present Selective Service system is and state draft headquarters have
nf air. . led to the, inconsistent pattern of
student and occupational defer-
Even its most ardent supporter, ments that now is under heavy at-!
Lt. Gen. Lewis B. Hershey, na- tack.
tional draft director, agrees. The pattern has existed since
"We've had trouble with equal- the end of World War II but the

'U' Official
Blasts LSD'
Use Claims

c__ r __ - _- Anthro.Dept.
h 1AIic an BaI~J 9Will Involve
NEWS WIRE Non-Majors

Prof. To Give News
Conference; Police
May Probe Sitiation
By DAVID KNOKE
University officials yesterday de-
iied that there was widespread
use of LSD and marijuana on cam-
pus.
Vice-President for Student Af-
fairs Richard L. Cutler said, "We
attempt to keep our ear to the
ground but we just haven't picked
up any such information. We may
be stupid or blind, but I think
this office would know if the use
were as widespread as Prof. John
C. Pollard said."
One University administrator in-
sinuated that "Pollard was hav-
ing hallucinations" about the ex-
tent of drug us.
The rebutal followed a'claim by
Prof. Pollard, a psychiatrist in the
Mental Health Research Institute.
that LSD from New York was be-
ing sold on the "black market" in'
Ann Arbor at $5 per capsule.
Administration 'Laughable'
Last night Pollard said, "The
sale of illicit drugs is well-known
by many students; for me to make
a rebuttal to the denial by Univer-
sity administrators would be laugh-:
able." Cutler was unavailable for
comment last night.
Pollard is holding a press con-
ference at 10 a.m. in the Adminis-
tration Bldg. this morning to an-
swer newsmen's questions.
Pollard first made his revela.-
tions that "enormous amounts of
marijuana" and LSD "may be~
used on this campus" to the Wash-
tenaw Medical Society Tuesday:
night. Pollard said last night that
he could not substantiate his
claims with factual evidence. He,
said he had offered his views to,
the meeting of physicians and area
high school teachers as "impres-
sions and opinions."
Pollard has taken the drug five
times himself for experimental
purposes, until the supply was re-
stricted by the federal government.
He is seeking permission to use
the drug in further studies,
Police Chief Comments
Walter E. Krasny, chief of the
Ann Arbor police, said last night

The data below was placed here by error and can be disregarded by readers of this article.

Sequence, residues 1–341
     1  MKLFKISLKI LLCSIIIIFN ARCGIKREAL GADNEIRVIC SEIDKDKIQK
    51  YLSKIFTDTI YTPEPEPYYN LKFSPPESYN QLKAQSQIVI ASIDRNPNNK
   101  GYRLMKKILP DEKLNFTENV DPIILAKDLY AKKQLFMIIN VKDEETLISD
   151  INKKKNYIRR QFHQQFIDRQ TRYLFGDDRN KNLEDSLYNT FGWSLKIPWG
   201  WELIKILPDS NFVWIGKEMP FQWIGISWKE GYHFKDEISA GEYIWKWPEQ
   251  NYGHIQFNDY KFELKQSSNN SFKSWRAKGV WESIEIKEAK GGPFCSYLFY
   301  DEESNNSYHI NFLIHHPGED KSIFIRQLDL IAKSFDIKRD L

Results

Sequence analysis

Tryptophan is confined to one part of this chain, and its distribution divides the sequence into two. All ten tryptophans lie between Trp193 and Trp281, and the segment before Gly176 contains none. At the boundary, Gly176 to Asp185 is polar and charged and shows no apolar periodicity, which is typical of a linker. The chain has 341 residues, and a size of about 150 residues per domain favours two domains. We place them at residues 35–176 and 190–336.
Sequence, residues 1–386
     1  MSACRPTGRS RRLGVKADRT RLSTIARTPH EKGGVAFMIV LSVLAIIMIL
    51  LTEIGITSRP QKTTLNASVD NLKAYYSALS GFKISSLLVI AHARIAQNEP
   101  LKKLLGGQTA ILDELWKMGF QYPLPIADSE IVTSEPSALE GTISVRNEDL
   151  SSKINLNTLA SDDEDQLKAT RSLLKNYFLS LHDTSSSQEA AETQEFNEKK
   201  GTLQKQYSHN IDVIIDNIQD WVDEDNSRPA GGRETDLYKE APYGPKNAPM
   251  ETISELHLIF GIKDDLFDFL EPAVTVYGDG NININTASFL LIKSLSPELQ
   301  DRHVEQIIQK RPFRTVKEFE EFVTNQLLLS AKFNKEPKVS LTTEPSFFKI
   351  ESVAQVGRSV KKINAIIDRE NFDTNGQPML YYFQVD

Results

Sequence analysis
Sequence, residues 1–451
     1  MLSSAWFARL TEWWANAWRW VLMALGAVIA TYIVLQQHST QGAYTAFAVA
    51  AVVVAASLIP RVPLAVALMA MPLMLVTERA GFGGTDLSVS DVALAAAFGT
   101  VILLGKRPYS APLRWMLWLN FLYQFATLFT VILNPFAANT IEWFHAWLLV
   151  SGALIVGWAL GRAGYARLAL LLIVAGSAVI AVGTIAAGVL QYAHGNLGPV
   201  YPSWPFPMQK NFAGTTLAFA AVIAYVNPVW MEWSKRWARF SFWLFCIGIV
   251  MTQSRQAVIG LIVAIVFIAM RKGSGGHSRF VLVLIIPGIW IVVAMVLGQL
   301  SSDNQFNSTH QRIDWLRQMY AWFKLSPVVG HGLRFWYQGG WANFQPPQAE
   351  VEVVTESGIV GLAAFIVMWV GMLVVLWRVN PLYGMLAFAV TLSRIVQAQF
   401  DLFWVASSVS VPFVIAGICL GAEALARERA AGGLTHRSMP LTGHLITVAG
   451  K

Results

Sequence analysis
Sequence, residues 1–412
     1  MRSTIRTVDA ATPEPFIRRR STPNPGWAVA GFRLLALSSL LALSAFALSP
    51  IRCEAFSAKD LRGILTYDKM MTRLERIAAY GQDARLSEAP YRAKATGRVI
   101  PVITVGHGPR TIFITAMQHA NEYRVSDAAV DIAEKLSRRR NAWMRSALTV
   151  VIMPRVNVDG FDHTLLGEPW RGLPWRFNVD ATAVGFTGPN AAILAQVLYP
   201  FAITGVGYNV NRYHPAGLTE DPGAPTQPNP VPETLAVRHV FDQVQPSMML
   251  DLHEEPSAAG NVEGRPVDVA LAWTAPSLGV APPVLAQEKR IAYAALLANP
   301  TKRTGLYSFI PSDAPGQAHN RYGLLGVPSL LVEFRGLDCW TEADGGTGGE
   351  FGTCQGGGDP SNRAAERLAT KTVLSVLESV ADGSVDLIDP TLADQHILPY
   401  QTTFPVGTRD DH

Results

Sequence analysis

that he believes "there is a great-
er showing of drugs around the
campus now than two years ago,1
that. is to say, we are more aware_
of it than two Years aao."
"We have suspicions," said Kras-I
ny about the incidence of LSD. He
questioned the use of the term
"widespreadto describe the situa-
tion at the University. "Pollard
talks about LSD, somewhat of a
'new kick' to us, but as far as'
marijuana-'pot parties' - we've
been aware of them for quite someI
time."

.«7.J '

Second Department
To Broaden Base of
Advisory Committee
By CAROLYN MIEGEL

A PROTEST BY LEGAL AID CLINIC Board of Directors
members who represent the poor has been filed with the local,
state and regional offices of the Office of Economic Oppor-
tunity, requesting a withholding of funds from the board pending
a review of the selection of a new clinic director.
Six members of the 19-member board, representing the poor
clientele of the aid clinic, were excluded from selection of the
new director last Thursday, according to Mrs. Emma Wheeler,
head of the local National Association for the Advancement of
Colored People.
The petition also protests the exclusion of the'six members
from the original personnel committee. It charges that "the
individual selected for director is a relative of a lawyer member
of the board, and national OEO regulations regarding nepotism
make the hiring of this man illegal."
* * *' *
PROF. 0. L. CHAVARRAI-AGUILAR of the linguistics de-
partment will resign to become chairman of the department of
languages and linguistics at the University of Rochester, it was
learned yesterday.
Chavarria-Aguilar came to the University in 1957 and was
acting director of the linguistics department for the 1966 summer
term. He is currently assistant director of the Linguistics In-
stitute of the Linguistics Society of America.
His current research is concerned with ancient Indian gram-
matical theory. While on leave in 1962-64, he established an
English language program at the Indian Institute of Technology
in Kampur, India.
THE WASHTENAW COMMUNITY COLLEGE Education As-
sociation has petitioned the WCC Board of Trustees to recognize
the association, a faculty group, as exclusive representative for
professional-negotiations and collective bargaining.
The group is seeking recognition under the Hutchinson Act
which requires a public employer to recognize as exclusive repre-
sentative of the employes an organization which is designated
by the majority of employes. The association, a local unit of
the Michigan Association affiliated with the Michigan Education
Association, claims to represent more than 90 per cent of the 41
full-time teachers at WCC.
The board delayed action on the petition until the next meet-
ing. It held an executive session with its attorney on the require-
ments of the Hutchinson Act and expected developments.
THE FORD FOUNDATION has awarded $230,000 to 11 uni-
versity and Michigan State University, for. special instruction
in Far Eastern Languages. The three-year grant will support
summer institutes to help students of Japanese and Chinese
speed up their learning of the two languages.
The grant was presented to the Committee on Institutional
Cooperation, a voluntary association made up of the Big Ten
schools and the University of Chicago. The CIC Far Eastern
language program began in 1963 under a Ford grant.